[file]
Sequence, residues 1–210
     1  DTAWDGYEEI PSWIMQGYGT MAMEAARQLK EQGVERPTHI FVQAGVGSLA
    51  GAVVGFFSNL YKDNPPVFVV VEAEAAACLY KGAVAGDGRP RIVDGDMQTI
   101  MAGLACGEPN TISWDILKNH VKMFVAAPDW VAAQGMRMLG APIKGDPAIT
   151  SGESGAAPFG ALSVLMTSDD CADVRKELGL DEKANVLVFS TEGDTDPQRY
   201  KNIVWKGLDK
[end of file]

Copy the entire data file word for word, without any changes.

Sequence, residues 1–210
     1  DTAWDGYEEI PSWIMQGYGT MAMEAARQLK EQGVERPTHI FVQAGVGSLA
    51  GAVVGFFSNL YKDNPPVFVV VEAEAAACLY KGAVAGDGRP RIVDGDMQTI
   101  MAGLACGEPN TISWDILKNH VKMFVAAPDW VAAQGMRMLG APIKGDPAIT
   151  SGESGAAPFG ALSVLMTSDD CADVRKELGL DEKANVLVFS TEGDTDPQRY
   201  KNIVWKGLDK